Black Lives Matter in the NBA!

By Hashim M.

Mike Brown, Trayvon Martin, George Floyd. Those are just a few names of the people who fell victim to police brutality. While they are resting in peace, their killers are still alive and breathing. Darren Wilson (Trayvon’s killer) and George Zimmerman (Mike’s killer) are still roaming the streets till this day, while Derek Chauvin (George’s killer) sits up in a jail cell. Police have constantly oppressed the African-Americans for years and nothing has been done. Well, I say no more! During the year 2020 the #BLM movement has been stronger than any other time in history after the brutal killing of Minnesota’s George Floyd.

Recently, the NBA has announced the season will return and players will be allowed to wear messages on their shirts to show their support for the movement. But, that stirs up a question: Will the NBA coming back take attention away from the #BLM movement?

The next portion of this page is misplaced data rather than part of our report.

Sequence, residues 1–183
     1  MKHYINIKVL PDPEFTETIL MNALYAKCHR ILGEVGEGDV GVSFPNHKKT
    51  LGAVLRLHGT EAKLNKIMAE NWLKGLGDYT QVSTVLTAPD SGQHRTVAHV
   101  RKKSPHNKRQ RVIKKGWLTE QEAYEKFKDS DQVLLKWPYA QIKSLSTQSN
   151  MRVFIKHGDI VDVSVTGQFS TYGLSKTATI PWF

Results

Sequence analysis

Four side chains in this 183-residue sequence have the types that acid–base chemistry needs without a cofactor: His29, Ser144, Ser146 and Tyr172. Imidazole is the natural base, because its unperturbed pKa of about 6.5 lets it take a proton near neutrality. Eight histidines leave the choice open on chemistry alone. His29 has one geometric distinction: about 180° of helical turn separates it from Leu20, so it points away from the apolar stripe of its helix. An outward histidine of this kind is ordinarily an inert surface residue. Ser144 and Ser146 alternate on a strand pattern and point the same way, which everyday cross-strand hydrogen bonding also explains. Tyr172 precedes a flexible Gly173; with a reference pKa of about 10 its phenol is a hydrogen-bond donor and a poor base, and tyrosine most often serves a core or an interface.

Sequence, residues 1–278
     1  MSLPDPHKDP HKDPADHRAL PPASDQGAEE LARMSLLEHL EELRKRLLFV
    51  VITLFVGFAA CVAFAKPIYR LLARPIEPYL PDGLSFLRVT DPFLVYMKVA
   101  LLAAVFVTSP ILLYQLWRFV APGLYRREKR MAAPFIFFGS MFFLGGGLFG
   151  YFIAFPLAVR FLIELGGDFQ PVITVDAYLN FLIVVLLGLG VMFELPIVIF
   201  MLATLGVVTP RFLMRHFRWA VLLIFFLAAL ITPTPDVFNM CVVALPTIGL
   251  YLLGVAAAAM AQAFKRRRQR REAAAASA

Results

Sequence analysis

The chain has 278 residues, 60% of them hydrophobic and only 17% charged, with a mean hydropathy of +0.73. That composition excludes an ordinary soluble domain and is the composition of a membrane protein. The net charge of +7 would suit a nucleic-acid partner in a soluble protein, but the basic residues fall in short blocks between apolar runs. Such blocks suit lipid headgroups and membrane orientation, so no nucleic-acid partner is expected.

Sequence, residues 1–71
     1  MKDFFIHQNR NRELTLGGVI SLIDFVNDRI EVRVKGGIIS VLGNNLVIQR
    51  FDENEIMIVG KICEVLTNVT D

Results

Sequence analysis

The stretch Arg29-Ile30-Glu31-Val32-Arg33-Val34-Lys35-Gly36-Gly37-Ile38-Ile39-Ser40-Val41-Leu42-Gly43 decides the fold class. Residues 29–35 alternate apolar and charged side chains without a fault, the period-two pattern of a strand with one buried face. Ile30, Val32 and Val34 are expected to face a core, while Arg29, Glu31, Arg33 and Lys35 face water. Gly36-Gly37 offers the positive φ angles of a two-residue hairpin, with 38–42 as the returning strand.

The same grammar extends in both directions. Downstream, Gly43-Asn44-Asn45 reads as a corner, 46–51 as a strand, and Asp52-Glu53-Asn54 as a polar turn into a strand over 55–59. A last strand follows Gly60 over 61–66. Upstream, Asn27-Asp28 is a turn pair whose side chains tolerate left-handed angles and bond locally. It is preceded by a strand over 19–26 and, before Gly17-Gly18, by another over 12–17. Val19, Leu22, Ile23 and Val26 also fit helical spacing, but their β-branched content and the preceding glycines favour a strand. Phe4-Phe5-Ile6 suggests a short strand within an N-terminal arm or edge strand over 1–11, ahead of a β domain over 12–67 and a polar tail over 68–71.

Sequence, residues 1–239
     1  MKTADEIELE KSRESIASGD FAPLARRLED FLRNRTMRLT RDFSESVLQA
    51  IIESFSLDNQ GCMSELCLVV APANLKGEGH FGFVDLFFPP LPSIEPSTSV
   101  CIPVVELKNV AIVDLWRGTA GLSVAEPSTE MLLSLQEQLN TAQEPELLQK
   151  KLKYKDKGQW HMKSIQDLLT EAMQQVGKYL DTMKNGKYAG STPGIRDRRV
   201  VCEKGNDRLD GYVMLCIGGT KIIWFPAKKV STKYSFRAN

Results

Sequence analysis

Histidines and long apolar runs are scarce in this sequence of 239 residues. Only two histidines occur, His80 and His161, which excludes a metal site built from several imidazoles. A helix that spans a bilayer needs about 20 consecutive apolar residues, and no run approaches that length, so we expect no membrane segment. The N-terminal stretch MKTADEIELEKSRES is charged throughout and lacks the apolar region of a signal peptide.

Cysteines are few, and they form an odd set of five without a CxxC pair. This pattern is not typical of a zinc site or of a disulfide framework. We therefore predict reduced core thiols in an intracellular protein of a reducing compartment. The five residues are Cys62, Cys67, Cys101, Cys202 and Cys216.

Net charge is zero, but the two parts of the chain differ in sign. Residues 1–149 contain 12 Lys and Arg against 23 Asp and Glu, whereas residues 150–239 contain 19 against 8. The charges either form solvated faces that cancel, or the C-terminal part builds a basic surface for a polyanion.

Many NBA players have come out to say that they support the #BLM movement, but actions speak louder than words. Players like Patty Mills, LeBron James, etc, are all donating to racial justice charities. It goes to the extent that Patty Mills is even giving Every Cent. Mills said in an interview, “Old white teammates and coaches, haven’t felt comfortable asking me, as a Black Australian, about racism before, which speaks to the impact and value of the Black Lives Matter movement and the millions who have participated in protests around the world”. According to the article, “NBA Player to Donate ‘Every Cent’ of His Salary to Social Justice Issues”, Patty Mills was inspired to take social action on this matter after the tragic death of George Floyd, though Patty Mills has always been a huge supporter of justice for all races. LeBron James has also contributed to the matter. In the article, “How Lebron James a leading voice for social justice in a racially divided nation,” it states, “The Los Angeles Lakers superstar has used his platform to speak out on political and social issues and recently helped form ‘More Than a Vote,’ a group dedicated to mobilizing African American voters and fighting voter suppression. The organization was created in response to the death of George Floyd at the hands of Minneapolis police on May 25, which touched off more than three weeks of global protests for social justice.” LeBron has always been one to go an extra mile and he did just that with helping create this organization. Though LeBron has helped create an organization for the movement, his main competition for the status of ‘GOAT’ aka Micheal Jordan also made contributions to the movement. Michael Jordan plans to donate $10 million a year for the next 10 years toward social justice organizations. The NBA has been a huge help towards the movement and I hope it continues.